Why ‘Only Murders in the Building’ and ‘This is Us’ Composer Siddhartha Khosla Wrote Differently for Selena Gomez vs. Mandy Moore

The on-the-rise musician scored three separate Emmy nominations for his evocative contributions to both series

"Only Murders in the Building" (Hulu)
"Only Murders in the Building" (Hulu)

Through to its recent series finale, Siddhartha Khosla has been the resident composer of the NBC’s hit weepie “This is Us” for the last six seasons. But even he could have never guessed that his work would take him from one show starring a pop idol (Mandy Moore) to another (Selena Gomez in “Only Murders in the Building”), or that he’d have a small hand in both Moore and Gomez demolishing their once squeaky-clean images to create more dramatic small-screen characters that audiences grew to love.

Now, his theme song work on both projects has earned him three Emmy nominations this year. (More on that in a bit.)

Siddhartha Khosla

“Dan Fogelman, who created ‘This is Us’ [and produces ‘Only Murders in the Building’], is a really good friend of mine from college”, says Khosla, “and he sent me the ‘Only Murders’ pilot episode written by John Hoffman and Steve Martin, and I was absolutely blown away. I wrote an email with the subject line ‘Only Murders…’ with the body of the email saying ‘…is magic.’ I’d been sort of toying around modern, classical instrumental recordings just for myself, and I played some of these ideas for John. And he was, like, ‘This is the tone of my show, you’re already in that wheelhouse’. Then I got the job.”

When “Only Murders” debuted on Hulu late last summer, rapt fans talked about the score as much as they did the sterling chemistry of Gomez, Martin and Martin Short, the mismatched trio of sleuthers residing at the Arconia, the old Manhattan apartment building where they uncover a murder.

Each of them, Khosla says, has their own distinct musical disposition.

“Selena’s Mabel definitely has a modern sound, a little more atmospheric, a little darker. Charles [played by Steve Martin] has a very regal sound to him, and Marty Short’s Oliver, has a sort of flamboyance to him, consistent with his role as a New York theater director. So with him there’s a little bit of a jazzy, more playful element.”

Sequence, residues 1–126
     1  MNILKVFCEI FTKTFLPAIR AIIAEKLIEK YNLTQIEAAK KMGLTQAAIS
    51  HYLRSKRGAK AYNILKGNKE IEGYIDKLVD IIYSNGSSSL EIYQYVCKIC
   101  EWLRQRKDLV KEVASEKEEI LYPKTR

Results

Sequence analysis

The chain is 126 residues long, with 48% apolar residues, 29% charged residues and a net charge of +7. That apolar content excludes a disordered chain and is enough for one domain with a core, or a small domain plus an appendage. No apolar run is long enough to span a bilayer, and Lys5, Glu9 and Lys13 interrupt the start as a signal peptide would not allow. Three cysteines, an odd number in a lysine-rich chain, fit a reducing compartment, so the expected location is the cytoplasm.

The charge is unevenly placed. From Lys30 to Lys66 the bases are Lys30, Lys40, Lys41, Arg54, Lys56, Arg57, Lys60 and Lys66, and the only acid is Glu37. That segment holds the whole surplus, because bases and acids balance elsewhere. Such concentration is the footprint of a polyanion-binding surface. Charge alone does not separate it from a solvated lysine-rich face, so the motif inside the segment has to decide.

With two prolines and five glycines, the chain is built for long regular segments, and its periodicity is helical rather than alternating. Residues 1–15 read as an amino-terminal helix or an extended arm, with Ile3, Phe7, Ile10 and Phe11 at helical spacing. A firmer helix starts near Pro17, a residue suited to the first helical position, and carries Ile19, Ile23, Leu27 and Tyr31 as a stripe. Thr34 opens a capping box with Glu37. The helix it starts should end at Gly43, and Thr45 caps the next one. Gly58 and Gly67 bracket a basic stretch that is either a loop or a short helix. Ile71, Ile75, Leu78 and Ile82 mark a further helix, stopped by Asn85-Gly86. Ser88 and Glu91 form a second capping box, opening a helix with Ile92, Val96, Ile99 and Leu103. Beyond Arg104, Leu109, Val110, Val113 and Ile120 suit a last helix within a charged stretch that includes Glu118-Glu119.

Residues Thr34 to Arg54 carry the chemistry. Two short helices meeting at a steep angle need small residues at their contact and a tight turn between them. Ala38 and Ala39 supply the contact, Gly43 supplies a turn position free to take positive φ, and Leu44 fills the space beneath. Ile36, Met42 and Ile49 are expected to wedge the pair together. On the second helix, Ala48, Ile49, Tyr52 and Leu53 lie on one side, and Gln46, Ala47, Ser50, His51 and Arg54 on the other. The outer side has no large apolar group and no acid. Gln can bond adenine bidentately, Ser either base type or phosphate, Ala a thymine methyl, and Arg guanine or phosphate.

Khosla is nominated for the main title theme, and also for his work in the Season 1 episode “The Boy from 6B,” which abandoned all dialogue for its ASL-driven story of a father and Deaf son (Nathan Lane and James Caverly). Told only with sound effects and potent doses of Khosla’s hushed orchestrations, the action was made to feel like a silent film might.

“Some of the early conversations involved the episode being entirely silent,” Khosla recalls. “But as we started editing the episode, it became clear the music would play a very integral role in helping tell the story. I think in terms of melody a lot, I’m a singer-songwriter even before I was a composer, so a lot of my compositions have always been driven by the melody. And so, on an episode like this with no dialogue, the lead cello line or melody ended up kind of being your dialogue. It was just incredibly rewarding to be part of, with all the incredible sound design by our team in there.”

As far as the final season of “This is Us,” the long-running NBC series didn’t get much love from the Television Academy this year, but Khosla’s original song for Rebecca Pearson (Moore), titled “The Forever Now” (written with Moore’s real-life husband Taylor Goldsmith), did make the Emmy cut.

“You always record two versions of a song, the one that charts and then the version we used for the episode,” which Khosla indicates is a variation on the show’s end-credits theme and was sung live by Moore as the aged version of Rebecca at her daughter Kate’s (Chrissy Metz) wedding. The scene and song fully incorporated Rebecca’s Alzheimer’s and subsequent state of mind.

“That was the thing Mandy and I talked about, to look like she’s at some point fumbling, but then saying, ‘I’m gonna find the song and then I’m gonna nail it,’” says Khosla, noting they were inspired by Alzheimer’s-stricken Tony Bennett’s recent concert triumphs with Lady Gaga despite his condition in advanced age.

“All of the reactions you see in that scene are all real, it’s just a testament to how good an actor Mandy is. She actually lowered her voice to play Rebecca throughout the series. We were all disappointed for her [not getting nominated] and felt like she deserved that love. But at the end of the day, the role that she played is iconic. And nothing can take that legacy away.”

“Only Murders in the Building” is streaming on Hulu; “This is Us” is streaming on Hulu and Peacock.